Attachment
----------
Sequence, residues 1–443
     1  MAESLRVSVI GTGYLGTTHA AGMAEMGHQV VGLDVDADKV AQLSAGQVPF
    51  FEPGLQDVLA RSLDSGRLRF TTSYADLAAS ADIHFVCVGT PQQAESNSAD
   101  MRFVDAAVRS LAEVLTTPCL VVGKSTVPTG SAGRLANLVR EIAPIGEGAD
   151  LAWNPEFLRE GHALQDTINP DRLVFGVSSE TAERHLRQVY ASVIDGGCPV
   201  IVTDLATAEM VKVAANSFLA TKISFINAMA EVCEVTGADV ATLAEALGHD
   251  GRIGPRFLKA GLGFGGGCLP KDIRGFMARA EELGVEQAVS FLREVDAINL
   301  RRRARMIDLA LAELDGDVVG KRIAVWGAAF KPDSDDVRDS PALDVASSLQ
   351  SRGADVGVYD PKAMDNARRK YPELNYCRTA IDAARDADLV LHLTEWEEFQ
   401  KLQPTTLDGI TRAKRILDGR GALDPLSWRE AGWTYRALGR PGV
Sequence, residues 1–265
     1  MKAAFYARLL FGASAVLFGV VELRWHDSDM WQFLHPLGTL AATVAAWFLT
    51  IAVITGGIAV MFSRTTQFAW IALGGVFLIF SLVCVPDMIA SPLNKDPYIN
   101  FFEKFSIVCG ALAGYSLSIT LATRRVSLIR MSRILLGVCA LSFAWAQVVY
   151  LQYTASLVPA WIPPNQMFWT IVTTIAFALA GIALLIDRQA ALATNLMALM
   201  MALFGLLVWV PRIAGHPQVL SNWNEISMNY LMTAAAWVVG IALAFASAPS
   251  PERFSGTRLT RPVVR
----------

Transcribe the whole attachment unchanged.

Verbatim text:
Sequence, residues 1–443
     1  MAESLRVSVI GTGYLGTTHA AGMAEMGHQV VGLDVDADKV AQLSAGQVPF
    51  FEPGLQDVLA RSLDSGRLRF TTSYADLAAS ADIHFVCVGT PQQAESNSAD
   101  MRFVDAAVRS LAEVLTTPCL VVGKSTVPTG SAGRLANLVR EIAPIGEGAD
   151  LAWNPEFLRE GHALQDTINP DRLVFGVSSE TAERHLRQVY ASVIDGGCPV
   201  IVTDLATAEM VKVAANSFLA TKISFINAMA EVCEVTGADV ATLAEALGHD
   251  GRIGPRFLKA GLGFGGGCLP KDIRGFMARA EELGVEQAVS FLREVDAINL
   301  RRRARMIDLA LAELDGDVVG KRIAVWGAAF KPDSDDVRDS PALDVASSLQ
   351  SRGADVGVYD PKAMDNARRK YPELNYCRTA IDAARDADLV LHLTEWEEFQ
   401  KLQPTTLDGI TRAKRILDGR GALDPLSWRE AGWTYRALGR PGV
Sequence, residues 1–265
     1  MKAAFYARLL FGASAVLFGV VELRWHDSDM WQFLHPLGTL AATVAAWFLT
    51  IAVITGGIAV MFSRTTQFAW IALGGVFLIF SLVCVPDMIA SPLNKDPYIN
   101  FFEKFSIVCG ALAGYSLSIT LATRRVSLIR MSRILLGVCA LSFAWAQVVY
   151  LQYTASLVPA WIPPNQMFWT IVTTIAFALA GIALLIDRQA ALATNLMALM
   201  MALFGLLVWV PRIAGHPQVL SNWNEISMNY LMTAAAWVVG IALAFASAPS
   251  PERFSGTRLT RPVVR